An embodiment of the present invention that uses polling may not be immune to this problem. In particular, in a present embodiment polling software checks for the transfer of a packet by examining a status register's packet transfer indicator. Because the polling software may clear the status register or packet transfer indicator in conjunction with this examination, an ISR called in response to an interrupt caused by the packet's transfer may be too late to determine the cause of the interrupt, thus leading to some form of error recovery.

In one embodiment of the invention this “interrupt-claiming” problem may be addressed by adding an extra bit or other indicator (e.g., a feedback indicator) to the status register. FIG. 5 depicts a status register suitable for implementation in this embodiment.

In FIG. 5, status register 502 of a network interface includes packet transfer indicator 504, packet transmission indicator 506, a first error indicator 508 and ISR indicator 514. Other unlabelled indicators in status register 502 correspond to other conditions or events encountered in the network interface. Illustratively, each indicator (except, possibly, ISR indicator 514) is placed into a first state (e.g., characterized by the value zero) upon initialization and after each polling operation, and may be placed into a second state in response to its corresponding action or condition. Each indicator in the status register (other than indicator 514) is connected to the input end of OR gate 510. Illustratively, if any of the indicators coupled to OR gate 510 enters a second state (e.g., characterized by the value one), an interrupt is generated on interrupt line 512 and transmitted to a host processor or interrupt handler.

As described above, an ISR called in response to an interrupt will attempt to read status register 502 in order to determine the reason for the interrupt. However, a polling module operating on a host computer may clear the status register in conjunction with a polling operation. If the polling module clears the status register before the ISR can read the status register and determine why an interrupt was issued, a time-consuming error recovery procedure may be invoked.

Therefore, in the illustrated embodiment ISR indicator 514 has been added to status register 502 and coupled to interrupt line 512. Illustratively, ISR indicator 514 remains in a first state (e.g., characterized by the value zero) until an interrupt is issued on interrupt line 512. At that time, ISR indicator 514 transitions to a second state (e.g., characterized by the value one). An ISR indicator may thus be considered a feedback indicator or summary indicator to reflect when an interrupt has been generated due to a change in state of a component of status register 502. Significantly, however, OR gate 510 is not activated when the ISR indicator enters its second state.

During polling in the presently described embodiment of the invention, status register 502 is examined by a polling module to determine whether a packet has been transferred by the network interface. When the software examines the register it may clear or zero one or more status indicators (e.g., return them to their first state), just like an ISR would. If an interrupt had been generated (e.g., because of an error condition indicated by error indicator 508) shortly before the interface is polled, the polling software may clear the status register before an interrupt handler can determine the reason for being called. Therefore, in the illustrated embodiment of the invention the interrupt handler can examine ISR indicator 514 and thus determine that there was a valid interrupt and that it need not re-initialize the network interface or perform an error recovery procedure. The ISR will typically clear the status register, possibly including ISR indicator 514, after examining the register.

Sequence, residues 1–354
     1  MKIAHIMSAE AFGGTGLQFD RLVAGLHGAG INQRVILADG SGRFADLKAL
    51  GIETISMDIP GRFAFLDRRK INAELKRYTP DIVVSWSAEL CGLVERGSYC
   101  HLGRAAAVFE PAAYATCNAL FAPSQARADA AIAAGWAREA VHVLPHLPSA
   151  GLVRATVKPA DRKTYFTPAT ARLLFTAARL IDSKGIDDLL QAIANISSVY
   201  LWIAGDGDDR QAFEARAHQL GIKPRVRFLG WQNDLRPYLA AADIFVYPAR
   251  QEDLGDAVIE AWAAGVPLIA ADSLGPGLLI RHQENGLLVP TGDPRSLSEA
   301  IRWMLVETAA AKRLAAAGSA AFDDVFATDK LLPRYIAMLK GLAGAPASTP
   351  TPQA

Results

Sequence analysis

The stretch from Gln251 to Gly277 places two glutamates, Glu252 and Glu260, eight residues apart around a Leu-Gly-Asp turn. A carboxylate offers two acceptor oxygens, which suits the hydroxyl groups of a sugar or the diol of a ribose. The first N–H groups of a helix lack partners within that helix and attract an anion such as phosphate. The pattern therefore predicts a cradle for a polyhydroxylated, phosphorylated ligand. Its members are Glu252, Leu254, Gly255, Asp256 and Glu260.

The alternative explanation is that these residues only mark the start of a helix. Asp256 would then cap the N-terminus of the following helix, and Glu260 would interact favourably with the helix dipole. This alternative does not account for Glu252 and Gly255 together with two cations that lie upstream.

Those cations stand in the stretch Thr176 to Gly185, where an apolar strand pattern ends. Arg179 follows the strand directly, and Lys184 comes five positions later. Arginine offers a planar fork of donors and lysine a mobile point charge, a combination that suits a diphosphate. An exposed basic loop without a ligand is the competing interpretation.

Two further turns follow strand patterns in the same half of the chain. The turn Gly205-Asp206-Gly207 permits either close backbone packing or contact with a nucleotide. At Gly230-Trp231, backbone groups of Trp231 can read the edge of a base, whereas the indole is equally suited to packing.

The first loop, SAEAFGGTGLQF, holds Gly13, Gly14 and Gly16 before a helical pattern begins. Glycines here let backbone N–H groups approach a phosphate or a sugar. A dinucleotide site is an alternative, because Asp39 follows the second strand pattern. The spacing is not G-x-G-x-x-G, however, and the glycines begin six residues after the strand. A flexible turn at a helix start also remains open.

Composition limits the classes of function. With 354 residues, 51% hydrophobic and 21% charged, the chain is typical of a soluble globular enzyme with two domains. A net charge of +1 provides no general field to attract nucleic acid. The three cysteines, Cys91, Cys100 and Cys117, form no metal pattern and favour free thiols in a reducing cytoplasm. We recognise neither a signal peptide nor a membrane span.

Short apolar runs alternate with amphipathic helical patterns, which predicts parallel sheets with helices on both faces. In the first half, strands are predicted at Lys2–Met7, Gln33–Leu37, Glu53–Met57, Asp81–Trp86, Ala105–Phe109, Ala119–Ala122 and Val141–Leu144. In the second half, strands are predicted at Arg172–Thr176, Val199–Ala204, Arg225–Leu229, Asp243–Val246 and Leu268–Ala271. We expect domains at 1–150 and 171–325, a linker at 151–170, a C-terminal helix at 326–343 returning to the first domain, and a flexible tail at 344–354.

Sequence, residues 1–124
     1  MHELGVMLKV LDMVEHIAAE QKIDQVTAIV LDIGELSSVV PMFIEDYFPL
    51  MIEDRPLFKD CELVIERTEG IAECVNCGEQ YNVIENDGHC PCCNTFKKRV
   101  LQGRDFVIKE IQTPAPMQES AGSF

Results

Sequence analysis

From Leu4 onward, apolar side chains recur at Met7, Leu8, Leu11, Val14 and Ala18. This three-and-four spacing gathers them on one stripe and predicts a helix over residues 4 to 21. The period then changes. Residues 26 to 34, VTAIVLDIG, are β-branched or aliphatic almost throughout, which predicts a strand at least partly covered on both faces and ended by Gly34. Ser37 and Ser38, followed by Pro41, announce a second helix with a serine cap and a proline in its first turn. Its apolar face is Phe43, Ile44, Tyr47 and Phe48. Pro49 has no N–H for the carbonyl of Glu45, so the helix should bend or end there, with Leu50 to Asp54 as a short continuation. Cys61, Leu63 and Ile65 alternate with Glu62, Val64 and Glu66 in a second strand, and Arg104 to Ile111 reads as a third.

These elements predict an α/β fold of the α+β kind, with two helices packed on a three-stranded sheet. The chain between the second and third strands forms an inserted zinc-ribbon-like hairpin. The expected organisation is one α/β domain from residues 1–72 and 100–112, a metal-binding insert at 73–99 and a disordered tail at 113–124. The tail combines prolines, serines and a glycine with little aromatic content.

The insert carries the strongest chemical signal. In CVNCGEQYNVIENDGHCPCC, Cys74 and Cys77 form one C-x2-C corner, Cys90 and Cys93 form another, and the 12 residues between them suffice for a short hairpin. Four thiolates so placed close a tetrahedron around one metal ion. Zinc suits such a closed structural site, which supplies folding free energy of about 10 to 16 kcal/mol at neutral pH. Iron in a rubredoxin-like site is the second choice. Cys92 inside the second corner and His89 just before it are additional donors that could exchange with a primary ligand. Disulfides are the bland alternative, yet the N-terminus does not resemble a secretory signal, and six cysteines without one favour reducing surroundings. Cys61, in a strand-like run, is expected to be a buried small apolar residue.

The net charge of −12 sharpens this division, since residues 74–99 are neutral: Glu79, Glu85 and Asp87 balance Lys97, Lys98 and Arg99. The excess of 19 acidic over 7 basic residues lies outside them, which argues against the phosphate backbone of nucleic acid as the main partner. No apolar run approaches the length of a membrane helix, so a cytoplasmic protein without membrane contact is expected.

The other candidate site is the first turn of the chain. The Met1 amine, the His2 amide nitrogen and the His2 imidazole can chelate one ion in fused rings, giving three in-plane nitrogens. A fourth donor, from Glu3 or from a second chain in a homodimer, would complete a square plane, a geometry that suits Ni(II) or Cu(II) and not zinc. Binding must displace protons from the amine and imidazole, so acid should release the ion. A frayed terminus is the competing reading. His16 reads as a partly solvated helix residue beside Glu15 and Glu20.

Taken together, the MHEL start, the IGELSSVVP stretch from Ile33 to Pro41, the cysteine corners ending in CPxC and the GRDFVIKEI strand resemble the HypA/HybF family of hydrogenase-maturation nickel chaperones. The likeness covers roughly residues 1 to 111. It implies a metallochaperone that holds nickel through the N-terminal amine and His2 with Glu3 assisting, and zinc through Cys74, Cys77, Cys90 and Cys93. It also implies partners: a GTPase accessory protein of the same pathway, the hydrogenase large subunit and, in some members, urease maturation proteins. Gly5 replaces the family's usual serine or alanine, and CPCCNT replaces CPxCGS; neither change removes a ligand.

In one embodiment of the invention the polling module is specifically configured to avoid clearing ISR indicator 514 (e.g., returning it to zero) when polling status register 502. Illustratively, ISR indicator 514 is cleared via a write operation from the host computer that may be conducted in response to a particular event, such as the invocation of an interrupt service routine in response to an interrupt. Thus, the polling module may clear other indicators in the status register during a poll but the ISR indicator is cleared separately. In another embodiment of the operation, discussed immediately below in conjunction with FIG. 6, indicators within status register 502 are selectively cleared through the use of a virtual or alias status register. In this implementation a separate write operation to clear an ISR indicator is unnecessary.

FIG. 6 illustrates one enhancement to the embodiment of the invention depicted in FIG. 5. In this enhancement an alias register is associated with the status register. The alias register in the illustrated embodiment is essentially the status register, but is accessed through a different address. Thus, the alias register mirrors or mimics the status register in that each time a bit or indicator in the status register is set or cleared the corresponding bit or indicator in the alias register is set to the same state. However, clearing an indicator in the alias register (e.g., by clearing the alias register) does not necessarily clear the corresponding status register indicator. Instead, a mask is used to allow status register indicators to be selectively cleared. Thus, in one particular embodiment of the invention the alias register is a “virtual” register providing an alternative yet traceable path to the status register.